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High – India

Attack on India is imminent

Rachman 7/16 (Gideon, world respected commentator on international affairs. He has been a journalist for over 22 years, the last 16 years for two of the world's top business publications; The Economist and now the Financial Times, where he is now the Chief Foreign Affairs Columnist. Based in London, he comments on British, European and US foreign policy and embraces many of the word's key current affairs concerns, 7/16/10, " India, terrorism and the Commonwealth Games ",
As we have all just seen at the World Cup, staging a major international sporting event can be a great way of advertising a country. But it also involves big risks: the minor risks involve logisitics, expensive stadiums and disappointed tourists. The biggest risk is terrorism. International security analysts are increasingly worried that the Commonwealth Games which will be staged in Delhi in October could be a very tempting target for jihadist terrorists, who have already struck India many times. The worry is not so much that somebody is going to be shot as they run the Marathon. The biggest risk is thought to be that, in the run-up to the games, terrorists will stage a series of attacks in India, in an effort to frighten off foreigners - and to create pressure for the games to be pulled out of India. The “success” in getting the high-profile cricket tournament, the IPL, moved from India to South Africa in 2009, because of security concerns offers an unfortunate precedent. Of course, it may never happen. And here's hoping it doesn't. But India has been subject to a string of terrorist attacks, including the Mumbai attacks, which were traced back to Lashkar-e-Taiba, a group with roots in Pakistan. The Indian government, led by Manmohan Singh, reacted with commendable restraint to the Mumbai provocations and to other attacks. But an assault on the Commonwealth Games would seriously empower the hawks in the Indian security establishment.

High – Afghanistan

Afghanistan war makes terrorist attack inevitable

NYT 6/26 (Scott Shane, 6/26/10, " Wars Fought and Wars Googled ",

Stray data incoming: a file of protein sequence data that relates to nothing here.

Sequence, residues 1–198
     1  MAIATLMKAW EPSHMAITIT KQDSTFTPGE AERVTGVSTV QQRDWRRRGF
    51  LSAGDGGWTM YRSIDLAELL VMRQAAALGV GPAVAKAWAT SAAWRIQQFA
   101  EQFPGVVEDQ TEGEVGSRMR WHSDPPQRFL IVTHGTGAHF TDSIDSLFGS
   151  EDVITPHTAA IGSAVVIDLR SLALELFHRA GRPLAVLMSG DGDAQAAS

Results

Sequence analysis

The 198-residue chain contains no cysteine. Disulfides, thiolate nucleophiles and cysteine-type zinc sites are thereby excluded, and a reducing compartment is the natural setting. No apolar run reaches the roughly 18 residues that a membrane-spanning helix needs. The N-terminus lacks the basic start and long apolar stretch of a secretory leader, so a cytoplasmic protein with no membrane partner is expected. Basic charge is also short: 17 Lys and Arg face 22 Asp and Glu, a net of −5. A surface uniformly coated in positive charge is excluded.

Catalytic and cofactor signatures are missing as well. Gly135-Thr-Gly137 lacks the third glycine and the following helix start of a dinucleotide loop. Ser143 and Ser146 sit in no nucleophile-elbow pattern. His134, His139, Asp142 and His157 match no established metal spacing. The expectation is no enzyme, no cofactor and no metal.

THE country's attention was riveted last week by the drama of the generals: Stanley McChrystal, whose indiscretions in Rolling Stone got him cashiered, and his boss, David Petraeus, who stepped in to take direct command of the troubled Afghanistan counterinsurgency effort. But a startling scene in a Manhattan courtroom on Monday may have had more to say than the command shake-up about the larger fight to contain Al Qaeda and its allies, and the limits of any general's ability to affect its outcome. At a plea hearing, a defiant Faisal Shahzad admitted trying to blow up an S.U.V. in Times Square on May 1. Calling himself “a Muslim soldier,” he explained his motivation: “avenging” the war in Afghanistan and American interventions in Pakistan, Iraq, Yemen and Somalia. “I am part of the answer to the U.S. terrorizing the Muslim nations and the Muslim people,” Mr. Shahzad said. His candid confession raised two questions: Has the military's still-expanding fight against terrorism now become the fuel for terrorism, recruiting more militants than it kills? And where exactly does the Afghan war fit into the overall campaign against terror, when the enemy's cause can lure a man like Mr. Shahzad, a former financial analyst for the Elizabeth Arden cosmetics company in Stamford, Conn., and a naturalized American citizen? The questions take on particular urgency because Mr. Shahzad's flubbed bombing was the latest of a dozen plots since last year aimed at American targets. And in case after case, nine years after the Sept. 11 attacks, plotters have cited America's still-growing military entanglement in the Muslim world as proof that the United States is at war with Islam. “One major reason for these plots is that the war on terrorism has been going on as long as it has,” said Bruce Hoffman, a terrorism expert at Georgetown University. “After nine years, our enemies have become more adept and sophisticated at exploiting the sentiments and images of war.” President Obama has defined the United States' interest in Afghanistan in terms of protecting the American homeland. But General Petraeus's counterinsurgency credo — “clear, hold, build” — is difficult enough to pull off in the hostile terrain of Kandahar Province. It is impossible on the infinite landscape of the Web, where Mr. Shahzad found the ideology that led him to terror. “We're still focused on the nation and not the network,” said John Arquilla, professor of defense analysis at the Naval Postgraduate School. “You can do brilliantly in Afghanistan and still not deal with the Faisal Shahzads of the world.” The administration's Afghan strategy still commands broad support from Democrats and Republicans and from outside specialists, who offer a familiar catechism. Now that the Taliban have taken the initiative again, only a concentrated NATO effort can prevent their return to power, with a possible new base for Al Qaeda, officials say. True, the dwindling Qaeda core is over the border in Pakistan, but Mr. Obama has escalated drone strikes there to pick off some terrorist leaders and keep the rest on the run. “Even in an age of virtual reality, Al Qaeda can't do large-scale training and mobilization unless they control some terrain,” said Max Boot, a senior fellow at the Council on Foreign Relations who supports the current policy. If the terror network attracts young Muslims now, he said, imagine its appeal if NATO abandoned the field and the militants could claim victory. “It would be a huge symbolic defeat for the United States, as it was for the Soviet Union,” said Mr. Boot, who is writing a history of guerrilla war and terrorism. “It would greatly embolden Al Qaeda.” Proponents of the current escalation of troops and drones point out as well that even Mr. Shahzad was not turned into a terrorist solely by the Web. He met face-to-face with leaders and trainers of the Pakistani Taliban before crossing the line into violence. So allowing extremists more room to operate on either side of the Afghanistan-Pakistan border would be a dangerous mistake, officials say. Still, many scholars who study terror see the interplay of risks and benefits differently. “The more deeply we're involved in that region, the more likely it is that we'll have terrorist attacks here,” said Scott Atran, an anthropologist who interviewed many young Muslim men about the lure of terrorism for his new book, “Talking to the Enemy: Faith, Brotherhood, and the (Un)Making of Terrorists.” “These lost, young guys see the resistance as heroic and glorious,” Mr. Atran said. “Don't give them the thrill of fighting the greatest army in the world.” The accused in recent plots aimed at the United States are a diverse group, including an Army psychiatrist of Palestinian ancestry spraying gunfire at Fort Hood, Tex.; a popular coffee vendor from Afghanistan planning to blow up the New York subway; the son of a prominent Nigerian banker trying to take down an airliner over Detroit; and Mr. Shahzad, a Pakistani-American who loaded his Nissan Pathfinder with fertilizer, propane and gasoline in fortunately ineffectual combination. Yet they all appear to have imagined themselves as warriors against the enemies of their faith. Their national or ethnic loyalties had been supplanted by loyalty to their co-religionists, the global community of Muslims, known as the ummah. Maj. Nidal Hasan, accused of killing 13 people in the Fort Hood shooting spree last November, had quoted the Koran in a 2007 PowerPoint demonstration to explain why some Muslim American soldiers might feel conflicted: “And whoever kills a believer intentionally, his punishment is hell.” “If Muslim groups can convince Muslims that they are fighting for God against injustices of the ‘infidels,' ” Major Hasan wrote, “then Muslims can become a potent adversary; i.e. suicide bombing.” But the path to violence appears to involve less scripture than solidarity. “We Muslims are one community,” Mr. Shahzad told the judge at his plea hearing, explaining why he felt obliged to defend strangers in Afghanistan, Iraq, Pakistan, Yemen, Somalia and Gaza — as well as the United States, where he suggested that Muslims were singled out for government scrutiny. Even as the Obama administration smoothly handled the McChrystal flap and regrouped behind its Afghanistan policy, word came in a report in The New York Times on Friday of diplomatic maneuvering between Afghan and Pakistani leaders that could result in a separate peace, potentially leaving the American generals with 100,000 troops and no one to fight. Managed deftly, such a deal conceivably might allow Mr. Obama to exit Afghanistan without fear of a Qaeda haven. But since the notion of an American-led war on Muslims has gone viral, the virus would take years or perhaps decades to burn out. The trouble with terrorism is what the theorists call asymmetry. Hundreds of billions of dollars, hundreds of thousands of troops, and the best generals on the planet can be undercut by a disgruntled accountant, commanding the world's attention with a bomb that didn't even explode.